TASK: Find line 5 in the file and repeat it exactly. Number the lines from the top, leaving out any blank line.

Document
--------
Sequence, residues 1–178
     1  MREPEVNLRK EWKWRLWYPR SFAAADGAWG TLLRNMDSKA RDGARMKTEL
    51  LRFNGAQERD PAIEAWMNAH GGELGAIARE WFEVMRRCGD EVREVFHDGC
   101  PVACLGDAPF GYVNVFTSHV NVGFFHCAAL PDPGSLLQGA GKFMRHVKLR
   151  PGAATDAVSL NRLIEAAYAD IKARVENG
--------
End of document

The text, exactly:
   151  PGAATDAVSL NRLIEAAYAD IKARVENG